We're consumed by alcohol

Sat, Mar 3, 2012, 00:00

RADIO REVIEW:IN TERMS OF predictable answers, asking whether Ireland has a problem with alcohol is up there with inquiries about the pope’s religious persuasion or where bears deposit their waste. But it is a question presenters rarely tire of posing.

On Tuesday, Tom Dunne(Newstalk, weekdays) opened his show by speculating on the extent of drinking in Irish society: “Is it as bad as people make it out to be?” It was clearly meant as a rhetorical query. Dunne was joined by Niamh Elliott, a former alcoholic now working with similarly addicted people, who felt drink was so ingrained in the country’s life that it almost ended hers.

Brought up in a teetotal household, Elliott started drinking as a teenager. As a twentysomething, she was consuming alcohol daily. In the grip of depression when she turned 30, she gave up drink after being arrested over an argument with a taxi driver. Now, nearly 10 years on and “lucky to be alive”, she felt Ireland was in denial about its drink habits.

Only once in the throes of her addiction did friends ask if she had a problem; the psychiatrists treating her never inquired if she drank too much; nor did gardaí, despite her threat to kill herself after her arrest. Yet drink was the root cause of all her woes, she believed; her depression lifted after she became sober. Had others been willing to intervene to stop her drinking, Elliott suggested, her life might have been different, but Irish people baulked at such behaviour.

Presenter and guest offered little in the way of practical advice, however, beyond Elliott’s vague wish for doctors and gardaí “to put things in place”.

Personal responsibility was not talked about much. Instead, Dunne concentrated on the human-interest aspect of his guest’s story, though at times he sounded awkward in the face of Elliott’s unhappy experiences.

As the father of two young daughters, Dunne wanted to know more about the matter – but it did not sit well with his cheerful persona. He seemed more at ease interviewing Julia Donaldson about her books for children, or the boxer Bernard Dunne about his efforts to learn Irish. The results made for more appealing radio, too.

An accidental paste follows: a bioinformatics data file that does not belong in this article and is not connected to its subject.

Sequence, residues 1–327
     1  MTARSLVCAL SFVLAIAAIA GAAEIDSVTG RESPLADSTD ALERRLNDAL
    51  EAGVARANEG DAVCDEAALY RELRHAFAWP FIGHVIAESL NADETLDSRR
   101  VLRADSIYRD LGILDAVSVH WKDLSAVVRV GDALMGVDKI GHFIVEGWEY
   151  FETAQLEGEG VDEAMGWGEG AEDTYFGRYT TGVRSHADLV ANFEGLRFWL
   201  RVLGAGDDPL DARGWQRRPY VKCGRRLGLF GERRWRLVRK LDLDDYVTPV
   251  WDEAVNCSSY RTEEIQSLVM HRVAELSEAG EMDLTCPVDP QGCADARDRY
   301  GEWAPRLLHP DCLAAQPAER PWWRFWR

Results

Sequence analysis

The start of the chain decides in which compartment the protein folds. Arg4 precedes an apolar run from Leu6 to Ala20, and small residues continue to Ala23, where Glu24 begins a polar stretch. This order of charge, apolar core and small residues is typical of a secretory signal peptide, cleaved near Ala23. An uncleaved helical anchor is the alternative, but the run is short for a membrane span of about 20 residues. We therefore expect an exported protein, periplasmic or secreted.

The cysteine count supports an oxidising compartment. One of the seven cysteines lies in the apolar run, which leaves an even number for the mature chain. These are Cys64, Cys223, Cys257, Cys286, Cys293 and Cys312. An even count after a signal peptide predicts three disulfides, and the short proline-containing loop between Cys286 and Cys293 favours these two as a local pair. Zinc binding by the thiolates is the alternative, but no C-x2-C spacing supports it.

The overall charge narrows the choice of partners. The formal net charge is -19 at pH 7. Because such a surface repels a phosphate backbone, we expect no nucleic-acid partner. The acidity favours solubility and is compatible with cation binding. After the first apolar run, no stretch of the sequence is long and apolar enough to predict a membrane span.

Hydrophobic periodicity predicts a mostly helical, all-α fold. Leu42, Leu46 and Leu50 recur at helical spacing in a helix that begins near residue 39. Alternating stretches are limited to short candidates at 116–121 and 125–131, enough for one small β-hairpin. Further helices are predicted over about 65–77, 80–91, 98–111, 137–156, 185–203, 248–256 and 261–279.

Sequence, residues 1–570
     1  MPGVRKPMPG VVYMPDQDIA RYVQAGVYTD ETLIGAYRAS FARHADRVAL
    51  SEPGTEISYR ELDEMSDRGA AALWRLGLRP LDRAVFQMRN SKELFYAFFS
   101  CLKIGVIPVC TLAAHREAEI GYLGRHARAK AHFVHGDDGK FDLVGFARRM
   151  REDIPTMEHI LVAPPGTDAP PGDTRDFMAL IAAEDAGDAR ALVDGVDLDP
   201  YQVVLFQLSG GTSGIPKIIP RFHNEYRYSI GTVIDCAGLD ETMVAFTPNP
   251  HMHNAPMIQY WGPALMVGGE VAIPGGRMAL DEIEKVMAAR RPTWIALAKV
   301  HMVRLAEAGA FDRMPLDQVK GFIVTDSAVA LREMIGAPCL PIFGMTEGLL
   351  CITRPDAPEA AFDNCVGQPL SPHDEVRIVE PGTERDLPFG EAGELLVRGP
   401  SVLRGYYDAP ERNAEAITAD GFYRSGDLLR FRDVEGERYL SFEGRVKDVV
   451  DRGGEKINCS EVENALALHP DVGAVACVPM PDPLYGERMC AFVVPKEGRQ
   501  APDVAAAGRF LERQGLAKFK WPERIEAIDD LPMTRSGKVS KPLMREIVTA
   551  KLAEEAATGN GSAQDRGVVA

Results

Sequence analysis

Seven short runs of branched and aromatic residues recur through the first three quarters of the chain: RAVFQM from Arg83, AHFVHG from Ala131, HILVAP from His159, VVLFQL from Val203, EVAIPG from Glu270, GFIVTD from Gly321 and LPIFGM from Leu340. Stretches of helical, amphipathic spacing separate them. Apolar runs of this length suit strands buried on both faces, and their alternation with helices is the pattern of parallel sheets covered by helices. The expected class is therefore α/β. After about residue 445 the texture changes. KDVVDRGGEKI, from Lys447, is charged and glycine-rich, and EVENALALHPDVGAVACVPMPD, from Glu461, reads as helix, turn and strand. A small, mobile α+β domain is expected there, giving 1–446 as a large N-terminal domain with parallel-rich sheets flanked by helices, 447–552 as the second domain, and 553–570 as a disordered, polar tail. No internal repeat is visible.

Alcohol abuse also featured heavily on Liveline (RTÉ Radio 1, weekdays), as the issue of cheap drink promotions came under the spotlight. On Monday, Joe Duffy spoke to Joe Murphy, a Belfast man whose son Joby had drowned in the Lagan after bingeing on £1 vodka shots. If it was heartbreaking to hear the gruff dad still refer to his son in the present tense – “We know he can’t drink,” he said at one point – it was even more poignant when Murphy spoke of his family’s “elation” at the recovery of Joby’s body, a month after he went missing.

Duffy handled the interview with tact and empathy, while highlighting the potentially tragic consequences of the cheap alcohol nights now prevalent across the country. It was the presenter at his most effective, using traumatic personal tales to draw out a wider theme. The same could not be said for the contributions that followed, however, with the discussion soon descending into impractical solutions and emotive laments.

One caller, Brenda, suggested anyone who could afford to drink could also pay for costs caused by bad behaviour, which, as Duffy noted, rather missed the key point about drink being so cheap. Another woman, Grace, reprimanded the Government – who else? – for doing nothing while “society is drinking itself into oblivion”.

There were some interesting asides, such as one caller’s observation that Irish publicans are abrogated from responsibility for alcoholic misbehaviour, unlike their American counterparts. But the spluttering tone of the debate yielded little cogent argument, never mind useful solutions.

It fell to Minister for Arts Jimmy Deenihan to give the most telling, if inadvertent, testimony about alcohol’s intractable position in Irish life.

Interviewed by Matt Cooper on The Last Word(Today FM, weekdays) about the possibility of drinks companies being banned from sponsoring sporting and cultural events, Deenihan was unenthusiastic. Reeling off the numerous arts festivals thus sponsored (and meticulously namechecking the drinks brands involved), the Minister said an immediate ban would prevent such events taking place, and probably cost jobs to boot. He also said that while Ireland had a “major drink problem”, it was difficult to prove a direct link between alcohol abuse and sponsorship: he personally had “never seen overindulgence at arts events”. When Fiona Ryan of Alcohol Action Ireland pointed out that sponsorship was ultimately just another way of marketing drink, Deenihan reiterated that prohibiting it could see us “lose out culturally and economically”.

As an example of the ambivalent Irish attitude to alcohol, it was hard to beat. Talk about a culture of drink.

Radio moment of the week 

The euro-zone crisis has undoubtedly allowed Germany to wield more influence over indebted EU partners, but characterising the referendum-bound fiscal compact as a mere stepping stone to Teutonic hegemony is perhaps a tad simplistic. Still, if they wish to calm fears about their ultimate aims, German politicians should probably steer clear of certain historically loaded phrases, particularly the one used by Dr Michael Fuchs on Monday’s News at One(RTÉ Radio 1, weekdays). Discussing the Bundestag’s fraught ratification of the second Greek bailout, the German MP doubted whether the latest rescue package represented the, ahem, “final solution”.